"capacitive feedback transimpedance amplifier," the parties' primary dispute is whether the court should construe "charge" to mean "an output," as Plaintiff suggests. While Plaintiff argues that "charge" should be construed to include any "output," Defendants argue that Plaintiff's construction changes the meaning of the claim because the claim requires that the transimpedance amplifier "process[es] charge stored in the charge storage and transfer means of the unit cells." `820 patent, 5:58-60. Plaintiff relies on a statement in the "Summary of the Invention" section of the specification, in which the patentee explains that "a single capacitive feedback transimpedance amplifier is employed to process the outputs of each column of detector elements of the array." `820 patent, 1:56-58 (emphasis added). The court also notes that the specification additionally describes that, in the preferred embodiment, "[t]he readout circuit 10 comprises the unit cell 12 . . . whose output is coupled through the unit cell transistor 22." `820 patent, 3:31-35. Defendants, in response, point out that the specification describes that "[t]he drain of the transistor 22 is coupled to a vertical signal line 24 which couples charge out of the unit cell 12." `820 patent, 2:64-66 (emphasis added). Accordingly, Defendants argue, the charge itself is transferred out of the unit cell to the capacitive feedback transimpedance amplifier for processing--as literally recited in the claims. Though the specification appears to use the terms "charge" and "output" interchangeably, which suggests that the terms are synonymous (or equivalent), the court declines to substitute "output" for "charge" in claim 1. The patentee chose to use the word "charge" in this claim, which is readily understandable to a jury, and the term "output" does not add clarity.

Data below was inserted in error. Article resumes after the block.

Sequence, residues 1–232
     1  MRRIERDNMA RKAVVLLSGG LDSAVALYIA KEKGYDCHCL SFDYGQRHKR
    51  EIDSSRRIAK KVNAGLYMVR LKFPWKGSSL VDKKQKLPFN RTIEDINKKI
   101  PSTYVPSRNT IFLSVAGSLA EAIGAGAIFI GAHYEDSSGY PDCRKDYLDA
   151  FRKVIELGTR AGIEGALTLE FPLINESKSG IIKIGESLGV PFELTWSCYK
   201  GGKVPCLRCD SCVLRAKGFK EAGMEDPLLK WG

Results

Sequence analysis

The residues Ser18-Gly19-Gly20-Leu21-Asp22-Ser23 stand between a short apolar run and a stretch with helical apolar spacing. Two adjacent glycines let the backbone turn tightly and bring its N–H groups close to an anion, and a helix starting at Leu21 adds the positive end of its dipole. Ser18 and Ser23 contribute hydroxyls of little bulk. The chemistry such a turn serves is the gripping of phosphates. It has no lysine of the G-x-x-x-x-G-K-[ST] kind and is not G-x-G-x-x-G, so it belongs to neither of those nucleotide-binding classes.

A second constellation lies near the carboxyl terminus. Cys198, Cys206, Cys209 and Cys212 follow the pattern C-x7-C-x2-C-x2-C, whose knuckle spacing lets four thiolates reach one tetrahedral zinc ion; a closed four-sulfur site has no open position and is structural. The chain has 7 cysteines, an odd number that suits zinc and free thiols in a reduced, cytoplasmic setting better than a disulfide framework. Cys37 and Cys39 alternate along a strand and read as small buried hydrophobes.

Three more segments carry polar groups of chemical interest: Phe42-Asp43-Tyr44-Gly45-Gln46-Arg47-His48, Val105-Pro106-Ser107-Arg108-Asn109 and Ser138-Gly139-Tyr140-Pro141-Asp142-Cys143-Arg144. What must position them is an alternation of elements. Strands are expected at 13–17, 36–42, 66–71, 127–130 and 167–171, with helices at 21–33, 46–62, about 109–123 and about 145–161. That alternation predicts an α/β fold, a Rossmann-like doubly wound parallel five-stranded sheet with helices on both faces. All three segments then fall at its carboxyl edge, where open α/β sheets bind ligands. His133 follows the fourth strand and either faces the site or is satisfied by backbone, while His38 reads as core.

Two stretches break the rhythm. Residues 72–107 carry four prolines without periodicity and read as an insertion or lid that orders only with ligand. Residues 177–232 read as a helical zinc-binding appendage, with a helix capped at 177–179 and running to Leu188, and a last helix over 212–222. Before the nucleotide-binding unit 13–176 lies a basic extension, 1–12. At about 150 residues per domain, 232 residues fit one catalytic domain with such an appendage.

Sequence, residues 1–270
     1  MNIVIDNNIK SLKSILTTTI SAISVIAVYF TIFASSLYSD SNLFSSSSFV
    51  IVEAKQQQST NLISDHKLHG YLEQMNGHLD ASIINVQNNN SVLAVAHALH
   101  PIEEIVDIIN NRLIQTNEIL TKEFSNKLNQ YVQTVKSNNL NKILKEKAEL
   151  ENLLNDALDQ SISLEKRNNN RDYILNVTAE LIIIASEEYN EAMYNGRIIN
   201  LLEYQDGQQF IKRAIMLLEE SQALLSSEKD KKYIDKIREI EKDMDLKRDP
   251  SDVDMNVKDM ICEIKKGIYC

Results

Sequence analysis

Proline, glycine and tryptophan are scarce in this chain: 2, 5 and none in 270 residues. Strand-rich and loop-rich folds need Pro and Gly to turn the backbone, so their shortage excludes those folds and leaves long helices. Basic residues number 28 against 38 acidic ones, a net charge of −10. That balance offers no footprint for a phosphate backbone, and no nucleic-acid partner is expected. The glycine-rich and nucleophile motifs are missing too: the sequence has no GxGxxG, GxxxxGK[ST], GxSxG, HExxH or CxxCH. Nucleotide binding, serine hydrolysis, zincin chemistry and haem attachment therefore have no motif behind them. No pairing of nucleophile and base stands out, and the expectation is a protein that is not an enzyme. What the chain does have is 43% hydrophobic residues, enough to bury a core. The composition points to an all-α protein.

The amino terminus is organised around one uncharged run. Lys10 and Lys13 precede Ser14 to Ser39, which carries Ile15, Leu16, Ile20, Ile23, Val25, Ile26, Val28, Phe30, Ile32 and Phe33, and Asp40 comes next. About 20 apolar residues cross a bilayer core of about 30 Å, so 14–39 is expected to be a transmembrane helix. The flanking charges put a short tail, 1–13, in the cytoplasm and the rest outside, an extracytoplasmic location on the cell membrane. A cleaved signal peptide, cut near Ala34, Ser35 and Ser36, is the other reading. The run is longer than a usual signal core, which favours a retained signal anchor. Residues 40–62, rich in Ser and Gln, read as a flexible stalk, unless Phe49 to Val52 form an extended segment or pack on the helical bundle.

W h ile Defendants initially proposed an alternative construction, they agreed at the Markman hearing that no c o n s t r u c t i o n is necessary. Markman Tr. 204:21-205:2.